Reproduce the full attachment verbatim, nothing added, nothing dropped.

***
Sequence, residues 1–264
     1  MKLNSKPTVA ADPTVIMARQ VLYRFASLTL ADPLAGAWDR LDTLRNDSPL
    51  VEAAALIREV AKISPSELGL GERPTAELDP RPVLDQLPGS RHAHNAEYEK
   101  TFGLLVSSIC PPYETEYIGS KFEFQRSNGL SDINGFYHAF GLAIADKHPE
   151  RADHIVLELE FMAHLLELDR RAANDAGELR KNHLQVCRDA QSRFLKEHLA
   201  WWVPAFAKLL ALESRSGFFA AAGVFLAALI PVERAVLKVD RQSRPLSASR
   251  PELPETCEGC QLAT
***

Sequence, residues 1–264
     1  MKLNSKPTVA ADPTVIMARQ VLYRFASLTL ADPLAGAWDR LDTLRNDSPL
    51  VEAAALIREV AKISPSELGL GERPTAELDP RPVLDQLPGS RHAHNAEYEK
   101  TFGLLVSSIC PPYETEYIGS KFEFQRSNGL SDINGFYHAF GLAIADKHPE
   151  RADHIVLELE FMAHLLELDR RAANDAGELR KNHLQVCRDA QSRFLKEHLA
   201  WWVPAFAKLL ALESRSGFFA AAGVFLAALI PVERAVLKVD RQSRPLSASR
   251  PELPETCEGC QLAT